Knitting Tutorial 1

Filed under: Knitting,Tutorials — Alicia @ July 30, 2009

I know it’s been a while, and I apologize, but I’ve been enjoying the summer!

Some people have asked me to do some knitting tutorials, similar to what I did for the Amigurumi tutorials. So here’ the first instalment: basic techniques. I tried to keep things as simple as possible. I chose a cast-on, increase and decreases that I thought would be very easy to someone trying to first learn how to knit.

Just keep in mind that I knit Contintental style, which means I hold the yarn on my left hand (non-dominant), unlike in the English way, where the yarn is held in the right hand. Also, I’m right handed, so if you are a lefty, you’d have to do things with the opposite hand. Here’s a video showing how to knit left handed.

Cast on

The first thing you need to do is to cast on. The following video shows you the easiest way to cast on, the twisted loop cast on. This is a very flexible cast on (too flexible for some projects). I don’t usually cast-on this way, but all others require more practise, and I figured someone just learning would want to get started right away, and to see results fast. If you are interested, KnittingHelp has videos on other cast on methods.

Sorry, you need flash to see the video

The Knit and Purl Stitches

There are two basic stitches, the knit an the purl. If you do a row of knitting, and then a row of purling, you create stocking stitch.

Stocking stitch fabric

Stocking stitch fabric

Here’s how to do them:

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Once you finished knitting all the stitches, you simply turn the work over, so all the stitches are now ready to be purled (to make the stocking stitch).

Sorry, you need flash to see the video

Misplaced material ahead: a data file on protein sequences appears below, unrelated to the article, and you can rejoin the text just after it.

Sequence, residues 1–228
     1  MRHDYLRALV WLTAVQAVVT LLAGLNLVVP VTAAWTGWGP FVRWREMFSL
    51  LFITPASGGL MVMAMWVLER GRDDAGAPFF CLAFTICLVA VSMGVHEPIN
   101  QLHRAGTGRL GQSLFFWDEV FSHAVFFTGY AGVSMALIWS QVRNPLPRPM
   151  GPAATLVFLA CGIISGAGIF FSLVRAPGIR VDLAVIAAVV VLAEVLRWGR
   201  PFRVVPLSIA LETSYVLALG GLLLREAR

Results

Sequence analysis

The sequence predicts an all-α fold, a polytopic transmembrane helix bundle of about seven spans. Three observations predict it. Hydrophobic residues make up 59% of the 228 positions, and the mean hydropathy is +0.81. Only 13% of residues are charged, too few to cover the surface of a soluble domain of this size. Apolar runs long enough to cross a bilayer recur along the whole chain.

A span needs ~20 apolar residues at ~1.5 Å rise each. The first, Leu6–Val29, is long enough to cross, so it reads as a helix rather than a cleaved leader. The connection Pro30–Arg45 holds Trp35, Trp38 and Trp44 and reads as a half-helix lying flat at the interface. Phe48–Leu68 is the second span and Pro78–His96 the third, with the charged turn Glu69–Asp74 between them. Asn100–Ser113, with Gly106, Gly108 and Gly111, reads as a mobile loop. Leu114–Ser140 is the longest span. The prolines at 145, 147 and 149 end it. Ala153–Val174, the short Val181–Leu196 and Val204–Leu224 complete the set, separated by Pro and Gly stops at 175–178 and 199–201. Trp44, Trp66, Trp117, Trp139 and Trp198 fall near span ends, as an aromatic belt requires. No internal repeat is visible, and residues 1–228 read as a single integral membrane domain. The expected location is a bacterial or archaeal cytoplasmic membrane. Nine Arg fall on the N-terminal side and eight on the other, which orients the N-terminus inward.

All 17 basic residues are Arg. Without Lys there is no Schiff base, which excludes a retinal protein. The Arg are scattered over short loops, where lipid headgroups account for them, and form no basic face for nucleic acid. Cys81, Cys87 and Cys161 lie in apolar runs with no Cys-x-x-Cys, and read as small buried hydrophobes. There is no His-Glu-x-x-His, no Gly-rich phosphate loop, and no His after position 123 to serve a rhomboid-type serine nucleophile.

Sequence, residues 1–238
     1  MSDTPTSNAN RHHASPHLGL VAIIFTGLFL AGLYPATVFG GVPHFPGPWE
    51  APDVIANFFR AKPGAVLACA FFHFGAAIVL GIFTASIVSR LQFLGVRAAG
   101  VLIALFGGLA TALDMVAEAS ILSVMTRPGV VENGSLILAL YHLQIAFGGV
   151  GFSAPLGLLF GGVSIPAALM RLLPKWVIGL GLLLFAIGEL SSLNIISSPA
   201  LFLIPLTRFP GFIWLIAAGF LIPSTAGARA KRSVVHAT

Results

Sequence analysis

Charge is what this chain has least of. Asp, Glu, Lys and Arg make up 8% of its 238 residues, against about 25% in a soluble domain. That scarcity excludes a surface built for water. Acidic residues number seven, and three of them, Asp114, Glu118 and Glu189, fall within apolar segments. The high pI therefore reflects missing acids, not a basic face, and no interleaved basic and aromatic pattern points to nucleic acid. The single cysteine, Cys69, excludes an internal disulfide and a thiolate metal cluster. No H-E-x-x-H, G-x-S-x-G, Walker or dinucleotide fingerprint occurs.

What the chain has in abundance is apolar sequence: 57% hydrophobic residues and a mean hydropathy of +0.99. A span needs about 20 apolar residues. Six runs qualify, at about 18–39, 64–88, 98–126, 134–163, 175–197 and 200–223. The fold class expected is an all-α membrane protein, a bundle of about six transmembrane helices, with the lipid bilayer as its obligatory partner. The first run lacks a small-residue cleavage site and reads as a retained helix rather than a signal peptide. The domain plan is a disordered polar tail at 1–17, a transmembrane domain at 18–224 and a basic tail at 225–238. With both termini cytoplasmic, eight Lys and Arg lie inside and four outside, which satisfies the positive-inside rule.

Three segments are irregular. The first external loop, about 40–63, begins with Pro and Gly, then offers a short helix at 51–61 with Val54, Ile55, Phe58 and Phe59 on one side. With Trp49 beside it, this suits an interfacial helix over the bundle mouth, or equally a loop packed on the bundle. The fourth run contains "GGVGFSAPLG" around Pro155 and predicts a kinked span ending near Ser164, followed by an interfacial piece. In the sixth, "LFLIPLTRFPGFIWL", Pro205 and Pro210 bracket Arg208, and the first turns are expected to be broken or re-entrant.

Tip: To have nice and even edges, cast on 2 extra stitches and at the begining of each row, pass the first stitch without knitting/purling it. Technitting has a great article about it.

Increases and Decreases

Unless you want to do nothing but squares, you’ll have to increase and decrease at some point to give your fabric some shape. There are many, many ways to increase and decrease. The following way to increase is my favourite (feel free to disagree). It doesn’t leave a gap, a bar or anything else:

Sorry, you need flash to see the video

To decrease, there are two main ways (although there are many more): k2tog (knit 2 together) and ssk (slip, slip, knit). Why the two? Because after decreasing, the resulting stitch will slant to the right or left, respectively. We’ll start with k2tog:

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And here’s ssk:

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Again, KnittingHelp has excellent videos on increasing and decreasing.

Bind off

Also known as cast off is he way to finish a project. Once you are done, you need to “close” your work. Here’s the most common way to do it:

Sorry, you need flash to see the video

In the next tutorial, I’ll explain how to follow patterns, but if you are itching to start, here’s a link with some easy dishcloths.


1 Comment

  1. I love your videos and it’s interesting to see you show the technic step by step. I’m 9 months pregnant now and I hope it’s not too late to knit booties for my lil daughter. CAN YOU PLEASE SHOW HOW TO DO IT IN YOUR NEXT VIDEOS?? YOU HAVE NO IDEA HOW I THANK YOU FOR THAT!!! 🙂 🙂

    Comment by ayuni — September 4, 2009 @ 12:10 pm

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